How to Collect and Store Hatching Eggs

Storing Hatching Eggs

We often take great care of incubation, trying to get as many chicks to hatch as possible, but how much attention do we give to getting the most viable eggs beforehand?    

This article will tell you how to collect and store hatching eggs correctly before incubation using an incubator or broody hen.

Before we reach the time to collect and store hatching eggs, ready for incubation, there is some preparatory work we need to do in the months running up to the breeding season.

Healthy parent stock

Healthy birds produce viable eggs—fertility and hatchability decline when hens become ill. Even poultry worms, for example, will cause problems with the number of viable eggs you can collect from your birds.

If you feed your birds a good diet, they will lay more fertile, viable eggs. Feeds with Omega 3 and 6 fatty acids will support high-quality sperm and eggs, while protein provides essential amino acids and methionine, which helps proper egg development and aids hatchability. 

Ideally, feed a specialised breeders ration for at least a couple of months before you intend to collect eggs for hatching. 

Allowing birds to free-range with access to grass will also improve their health no end, but it isn’t a substitute for a balanced feed.

Finally, birds need access to insoluble poultry grit to digest their food correctly, which should always be available to them ad-lib.

Vigour of a strain

The vigour and hatchability declines as birds become more closely related. Close breeding is common with show birds; however, it’s also common not to outcross too often, or you will soon lose particular looks and characteristics from your birds (quite quickly, in fact, in just two or three generations). 

I started my flock of Cream Legbars from a trio of birds, and after eight years, both fertility and hatchability were low (less than 50%), so I outcrossed, introducing a new bloodline. The fertility immediately increased to over 90%, and the vigour of the chicks I was hatching made me realise how bad my hatchability had been.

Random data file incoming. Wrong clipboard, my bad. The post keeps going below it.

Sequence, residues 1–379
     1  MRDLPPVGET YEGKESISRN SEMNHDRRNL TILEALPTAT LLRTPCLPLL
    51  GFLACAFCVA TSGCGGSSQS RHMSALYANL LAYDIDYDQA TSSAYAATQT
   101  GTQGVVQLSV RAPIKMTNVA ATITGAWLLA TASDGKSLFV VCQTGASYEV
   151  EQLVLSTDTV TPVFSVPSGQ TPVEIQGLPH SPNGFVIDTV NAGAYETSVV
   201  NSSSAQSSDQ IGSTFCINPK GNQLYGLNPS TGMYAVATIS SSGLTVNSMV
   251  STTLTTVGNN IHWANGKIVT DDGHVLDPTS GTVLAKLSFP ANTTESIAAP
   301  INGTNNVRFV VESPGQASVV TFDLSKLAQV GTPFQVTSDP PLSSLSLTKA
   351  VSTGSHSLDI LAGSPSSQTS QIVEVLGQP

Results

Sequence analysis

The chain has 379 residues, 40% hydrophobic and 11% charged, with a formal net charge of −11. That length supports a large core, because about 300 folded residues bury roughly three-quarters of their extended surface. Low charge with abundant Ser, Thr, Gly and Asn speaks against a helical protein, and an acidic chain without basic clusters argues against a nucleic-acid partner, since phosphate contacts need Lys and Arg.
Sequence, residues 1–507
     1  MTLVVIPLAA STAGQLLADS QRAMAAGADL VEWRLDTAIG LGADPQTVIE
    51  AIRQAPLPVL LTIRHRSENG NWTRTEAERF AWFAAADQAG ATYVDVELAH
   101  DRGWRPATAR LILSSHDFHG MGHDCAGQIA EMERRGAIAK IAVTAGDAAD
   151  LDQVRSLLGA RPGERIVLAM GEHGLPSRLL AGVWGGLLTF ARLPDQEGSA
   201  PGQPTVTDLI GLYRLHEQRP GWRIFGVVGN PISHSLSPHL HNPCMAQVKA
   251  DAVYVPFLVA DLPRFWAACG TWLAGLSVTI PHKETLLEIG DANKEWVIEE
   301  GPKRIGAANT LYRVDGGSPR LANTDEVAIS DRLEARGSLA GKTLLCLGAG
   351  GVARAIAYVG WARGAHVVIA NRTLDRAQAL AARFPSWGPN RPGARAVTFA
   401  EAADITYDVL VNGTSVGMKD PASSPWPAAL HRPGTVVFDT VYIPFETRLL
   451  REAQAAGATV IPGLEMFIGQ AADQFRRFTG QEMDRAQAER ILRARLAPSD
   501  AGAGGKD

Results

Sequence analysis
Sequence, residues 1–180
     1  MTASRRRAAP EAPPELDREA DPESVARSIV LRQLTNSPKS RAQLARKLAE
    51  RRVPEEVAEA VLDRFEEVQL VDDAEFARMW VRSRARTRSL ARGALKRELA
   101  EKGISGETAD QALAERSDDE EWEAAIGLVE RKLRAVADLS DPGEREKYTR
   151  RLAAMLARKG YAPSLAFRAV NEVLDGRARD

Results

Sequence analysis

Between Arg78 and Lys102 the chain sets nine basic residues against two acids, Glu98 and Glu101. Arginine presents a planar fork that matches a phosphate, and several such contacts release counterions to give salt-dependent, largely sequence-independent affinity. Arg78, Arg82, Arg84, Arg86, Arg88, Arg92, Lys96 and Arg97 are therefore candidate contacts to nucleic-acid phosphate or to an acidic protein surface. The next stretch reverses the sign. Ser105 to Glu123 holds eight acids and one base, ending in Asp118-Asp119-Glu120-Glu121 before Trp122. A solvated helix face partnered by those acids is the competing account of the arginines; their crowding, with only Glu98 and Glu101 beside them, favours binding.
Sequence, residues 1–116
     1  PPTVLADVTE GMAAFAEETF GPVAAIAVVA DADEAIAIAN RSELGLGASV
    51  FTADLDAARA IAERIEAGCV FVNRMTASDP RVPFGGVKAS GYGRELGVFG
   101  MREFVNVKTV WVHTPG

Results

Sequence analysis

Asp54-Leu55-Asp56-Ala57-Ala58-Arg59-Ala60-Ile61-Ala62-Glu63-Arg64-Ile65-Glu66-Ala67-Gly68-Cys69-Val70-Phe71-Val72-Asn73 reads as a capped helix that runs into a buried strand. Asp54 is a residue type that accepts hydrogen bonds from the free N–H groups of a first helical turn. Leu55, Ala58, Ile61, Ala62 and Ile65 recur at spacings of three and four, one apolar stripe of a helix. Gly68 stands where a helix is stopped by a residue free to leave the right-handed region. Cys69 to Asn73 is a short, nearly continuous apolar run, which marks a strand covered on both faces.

Hygiene

Nest boxes should be as clean as possible so that eggs get the least amount of soiling possible. For chickens, the main problem seems to be when hens sleep in nest boxes, messing in them overnight. 

There are ways to overcome this: blocking off the nest boxes at dusk (a cardboard box the right size will do) to making nests darker, which encourages laying in the nestbox rather than elsewhere. I have found the most straightforward technique is nailing an old feed bag over the entrance, with a few strips cut in it. 

Hens may be using nestboxes if there isn’t enough perch space for them, or in some cases, if they are positioned higher than perches, I recommend you look out for this when researching chicken houses.

It’s better not to have dirty eggs in the first place, but if you find you have some eggs that need cleaning, you can wash them with a little warm water mixed with a suitable egg sanitiser.

Still, heavily soiled eggs are better off left out of the incubator unless they are high value or in short supply.

Washed Duck Eggs
Duck eggs washed with an incubation sanitiser, ready to incubate.

Keeping eggs clean with waterfowl can be difficult, but if their nesting areas are kept clean, there is no reason why their eggs shouldn’t be reasonably clean when you collect them.

Incubation
Disinfectant

Bacteria multiply very quickly at incubation temperatures.

I use a biodegradable Incubation Sanitiser in tepid water to clean hatching eggs that are mucky.

This is effective against viruses, yeasts, fungi, and bacteria which can damage the developing embryo.

A sanitiser is also useful for safely cleaning out your incubator after use.

Cleaning Hatching Eggs
Cleaning Incubator

How to collect hatching eggs

Eggs should be collected regularly – at least three times per day. If the weather is hot, this needs to be as soon as possible after laying. Broody hens should not be allowed and are better removed from the run to sit on dummy eggs until you are ready or taken out and ‘broken’ from their broodiness.